Mention Rainbow Lake to longtime Memphians and they may recall the huge swimming pool and the massive roller-skating rink that was part of the complex at 2879 Lamar. But another memorable feature was Rainbow's popular Terrace Room, a restaurant that was billed as "The South's Finest."
Of course, just about every diner, drive-in, and eatery has somehow managed to proclaim itself as the "South's Finest" — or even "World-Famous" — so I can't vouch for the quality of the Terrace Room's food or service. But, as you can see from this photo taken shortly after it opened, it was certainly a swanky, modern-looking establishment — even if those big windows did give diners a panoramic view of ... Lamar.
The Rainbow Lake complex opened in 1936, when that stretch of Lamar was on the outskirts of the city. Owned by the Pieraccini family, who also operated Clearpool, it was mainly a place to swim; the big roller rink wasn't added until 1942.
The Rainbow Terrace was designed to attract a more adult crowd, but sometimes that meant trouble. In 1947, more than two dozen sailors from Millington got into a bottle-throwing, drunk-punching free-for-all that made all the papers. It finally took a Naval Court of Inquiry to sort out all the mess and clear most of the charges.
In 1957, a rock-and-roll dance party held in the Terrace Room — and hosted by two of the most famous disk jockeys in Memphis history, Wink Martindale and Dewey Phillips — got out of hand when many of the kids (some of them barely 15) got rip-roaring drunk. Rainbow lost its beer license for a while after that.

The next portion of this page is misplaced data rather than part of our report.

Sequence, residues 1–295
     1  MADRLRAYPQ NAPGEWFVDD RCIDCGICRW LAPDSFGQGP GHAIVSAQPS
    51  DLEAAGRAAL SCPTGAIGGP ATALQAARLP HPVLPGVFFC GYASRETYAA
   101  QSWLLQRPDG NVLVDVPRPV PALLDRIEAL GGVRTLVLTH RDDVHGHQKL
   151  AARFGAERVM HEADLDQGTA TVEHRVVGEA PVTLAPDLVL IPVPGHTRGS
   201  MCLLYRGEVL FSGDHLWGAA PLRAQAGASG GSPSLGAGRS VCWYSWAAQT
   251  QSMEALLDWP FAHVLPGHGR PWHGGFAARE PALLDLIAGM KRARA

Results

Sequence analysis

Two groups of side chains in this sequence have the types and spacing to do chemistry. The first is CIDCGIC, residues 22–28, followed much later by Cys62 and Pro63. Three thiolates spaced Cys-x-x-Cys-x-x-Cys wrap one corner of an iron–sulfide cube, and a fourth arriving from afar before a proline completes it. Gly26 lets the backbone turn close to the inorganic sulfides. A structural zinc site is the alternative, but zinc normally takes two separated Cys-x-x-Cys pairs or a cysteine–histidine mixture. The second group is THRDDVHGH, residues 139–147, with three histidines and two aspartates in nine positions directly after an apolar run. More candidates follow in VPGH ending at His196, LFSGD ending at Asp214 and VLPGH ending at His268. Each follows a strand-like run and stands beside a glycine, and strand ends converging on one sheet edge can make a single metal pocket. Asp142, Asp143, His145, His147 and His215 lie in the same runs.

Then there were fires, robberies, and even an accidental drowning in the big pool. Rainbow Lake could never seem to get good press.
In 1958, the owners announced they were converting the 14-acre complex into a private resort, to be called the Rainbow Lake Country Club. They planned to build a 40-unit luxury hotel, and even add a 500,000-gallon indoor swimming pool. None of that ever happened.
In the 1960s, the Memphis AFL-CIO Building Association purchased most of the buildings for $700,000. They turned the Terrace Room into meeting space, and converted the skating rink into offices. The swimming pool filled up with trash and rainwater.
More bad press. A 1975 fire did more than $300,000 damage, and a few years later the building association went bankrupt. In 1981, Pancho's bought the site for its headquarters and food-processing facility. They stayed there for years, but eventually moved out, and the decaying buildings — all painted a depressing shade of tan — were pulled down.
But new life has recently come to the area, in the form of an apartment complex and an Aldi grocery store. Not quite the same amount of entertainment once offered by Rainbow Lake, but at least it's not the scruffy vacant lot that for so many years marked the end of the Rainbow.
PHOTO COURTESY SPECIAL COLLECTIONS, UNIVERSITY OF MEMPHIS LIBRARIES